We had great parties, cooked up by Henny, but cleared up by us both. I tried to help Henny with the cooking. Three years ago, my daughter Peggy asked Henny to compile her old recipes. It included things like chicken scallopini and roast pork loin. All things that she used to make at home.

We moved [my furniture] manufacturing to Connecticut because of the wealth of buildings that became available. The area had been known for textiles, but the unions ended up moving the industry south where labour was cheaper, so there were all these old buildings left. We moved the factory up here in 1954. Living here, I could oversee everything, which was exactly what I wanted. That was very important to me – design and business go hand in hand.

Why did I come to America? Everyone asked me, what on Earth did I expect to do here? I said I really thought there was the possibility to set up an industry here for contemporary design. All the architects were my friends, and all the decorators were traditional. So it wasn’t the decorators who were interested in me, it was the architects. Whenever they had a job where they wanted good contemporary design, they would have to go to Copenhagen or Milan or London to find it.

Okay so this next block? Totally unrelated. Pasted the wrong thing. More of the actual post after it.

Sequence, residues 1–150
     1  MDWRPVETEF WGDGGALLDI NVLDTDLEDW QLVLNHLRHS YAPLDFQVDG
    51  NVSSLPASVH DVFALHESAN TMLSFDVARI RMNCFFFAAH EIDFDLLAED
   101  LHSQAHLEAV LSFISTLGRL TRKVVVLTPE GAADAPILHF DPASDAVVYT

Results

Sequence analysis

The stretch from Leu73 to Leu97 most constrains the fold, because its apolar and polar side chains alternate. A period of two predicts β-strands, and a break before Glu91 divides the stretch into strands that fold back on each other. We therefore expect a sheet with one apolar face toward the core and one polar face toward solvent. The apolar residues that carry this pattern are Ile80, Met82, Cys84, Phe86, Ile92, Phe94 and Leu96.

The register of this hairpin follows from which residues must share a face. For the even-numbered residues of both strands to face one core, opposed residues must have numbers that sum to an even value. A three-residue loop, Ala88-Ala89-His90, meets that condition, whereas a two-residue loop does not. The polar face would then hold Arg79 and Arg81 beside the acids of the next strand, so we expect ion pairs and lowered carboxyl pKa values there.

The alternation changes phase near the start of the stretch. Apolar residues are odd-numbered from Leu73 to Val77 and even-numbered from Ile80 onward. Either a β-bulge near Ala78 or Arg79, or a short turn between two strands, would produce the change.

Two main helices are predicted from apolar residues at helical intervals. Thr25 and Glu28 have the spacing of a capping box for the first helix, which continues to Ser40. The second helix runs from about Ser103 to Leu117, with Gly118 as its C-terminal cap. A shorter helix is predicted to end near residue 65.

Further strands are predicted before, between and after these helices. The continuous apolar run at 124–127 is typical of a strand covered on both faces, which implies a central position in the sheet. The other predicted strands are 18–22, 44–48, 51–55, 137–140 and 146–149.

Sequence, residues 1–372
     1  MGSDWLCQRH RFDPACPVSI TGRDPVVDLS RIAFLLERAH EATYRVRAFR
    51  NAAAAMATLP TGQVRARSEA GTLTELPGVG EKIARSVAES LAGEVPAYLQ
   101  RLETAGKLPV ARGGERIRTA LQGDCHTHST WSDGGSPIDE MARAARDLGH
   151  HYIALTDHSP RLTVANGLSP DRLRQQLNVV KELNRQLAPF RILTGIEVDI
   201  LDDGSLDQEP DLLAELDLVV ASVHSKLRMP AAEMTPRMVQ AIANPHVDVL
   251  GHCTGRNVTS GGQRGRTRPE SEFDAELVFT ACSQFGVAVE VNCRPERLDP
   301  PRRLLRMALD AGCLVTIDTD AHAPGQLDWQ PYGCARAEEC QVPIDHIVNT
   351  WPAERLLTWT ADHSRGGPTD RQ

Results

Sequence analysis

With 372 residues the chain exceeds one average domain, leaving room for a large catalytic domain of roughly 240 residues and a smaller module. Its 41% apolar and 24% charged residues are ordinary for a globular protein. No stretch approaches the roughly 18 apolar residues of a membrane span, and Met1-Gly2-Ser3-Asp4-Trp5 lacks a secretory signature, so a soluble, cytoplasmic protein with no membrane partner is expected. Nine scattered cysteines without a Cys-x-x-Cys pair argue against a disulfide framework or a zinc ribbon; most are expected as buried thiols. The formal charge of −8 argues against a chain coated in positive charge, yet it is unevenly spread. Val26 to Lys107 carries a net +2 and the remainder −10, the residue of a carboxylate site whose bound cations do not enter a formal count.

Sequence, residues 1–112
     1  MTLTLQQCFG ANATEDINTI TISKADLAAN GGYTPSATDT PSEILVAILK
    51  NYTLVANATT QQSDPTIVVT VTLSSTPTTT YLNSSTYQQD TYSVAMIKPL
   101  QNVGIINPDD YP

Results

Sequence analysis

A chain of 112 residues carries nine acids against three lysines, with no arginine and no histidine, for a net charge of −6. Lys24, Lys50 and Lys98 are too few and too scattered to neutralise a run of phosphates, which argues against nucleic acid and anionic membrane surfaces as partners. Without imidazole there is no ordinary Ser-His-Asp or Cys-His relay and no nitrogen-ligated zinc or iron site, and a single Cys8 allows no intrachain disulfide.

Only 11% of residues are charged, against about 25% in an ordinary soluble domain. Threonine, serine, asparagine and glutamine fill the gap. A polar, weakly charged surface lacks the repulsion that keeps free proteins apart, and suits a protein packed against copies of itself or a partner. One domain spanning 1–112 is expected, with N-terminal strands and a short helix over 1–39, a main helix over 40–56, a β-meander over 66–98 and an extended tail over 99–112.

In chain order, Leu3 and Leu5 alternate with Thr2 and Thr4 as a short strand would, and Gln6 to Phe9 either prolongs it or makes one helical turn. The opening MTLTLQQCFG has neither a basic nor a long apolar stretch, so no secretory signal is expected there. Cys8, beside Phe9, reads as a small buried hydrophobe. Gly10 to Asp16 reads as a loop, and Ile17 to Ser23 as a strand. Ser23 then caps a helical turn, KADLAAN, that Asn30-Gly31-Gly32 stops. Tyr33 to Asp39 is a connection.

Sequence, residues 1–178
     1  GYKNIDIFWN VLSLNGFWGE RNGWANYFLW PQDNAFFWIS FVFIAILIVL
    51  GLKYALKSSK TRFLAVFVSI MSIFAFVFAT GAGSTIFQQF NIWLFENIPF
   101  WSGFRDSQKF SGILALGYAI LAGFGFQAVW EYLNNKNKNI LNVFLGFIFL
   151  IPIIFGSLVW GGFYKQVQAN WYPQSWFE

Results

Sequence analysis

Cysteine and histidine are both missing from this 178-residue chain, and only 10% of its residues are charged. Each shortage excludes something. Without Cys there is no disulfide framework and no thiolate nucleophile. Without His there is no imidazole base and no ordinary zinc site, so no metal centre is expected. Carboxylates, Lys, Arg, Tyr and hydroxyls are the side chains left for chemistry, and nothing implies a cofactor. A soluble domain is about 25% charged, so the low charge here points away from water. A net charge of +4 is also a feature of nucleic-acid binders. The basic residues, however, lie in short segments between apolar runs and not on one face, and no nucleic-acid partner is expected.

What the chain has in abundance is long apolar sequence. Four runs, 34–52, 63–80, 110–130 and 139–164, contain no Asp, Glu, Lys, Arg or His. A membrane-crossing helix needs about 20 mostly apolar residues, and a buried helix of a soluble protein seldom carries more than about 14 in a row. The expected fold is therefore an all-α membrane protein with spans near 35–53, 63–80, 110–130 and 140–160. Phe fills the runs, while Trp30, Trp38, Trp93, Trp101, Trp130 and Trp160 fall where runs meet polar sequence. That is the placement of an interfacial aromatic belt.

When I moved here, I knew exactly what I wanted to do. I didn’t know what it would become. I just had hope. All I could do was work hard, and select good co-workers. We had to work with factories used to doing traditional work, because that was all there was. We had to train a whole new group of workers about making furniture – they all trained with me. American design hasn’t changed that much.

It doesn’t matter to me if I’m classified as a Danish designer or an American designer. I would be doing exactly the same work if I hadn’t left Denmark because it’s about taste. Is taste national? People go to those individuals whose taste they like. The important thing for me was working closely with architects and interior designers. It’s about developing a need for a specific piece. No two designers will attack the same project in the same way and that’s a good thing. We developed a new industry and solved some problems with design.

What is design? It’s problem solving. It’s about the simple principles. That’s what I enjoy.”


As one of the first Danish furniture designers to move to the United States during the 1930s, Jens Risom was a key figure behind the development of mid-century modern design in America.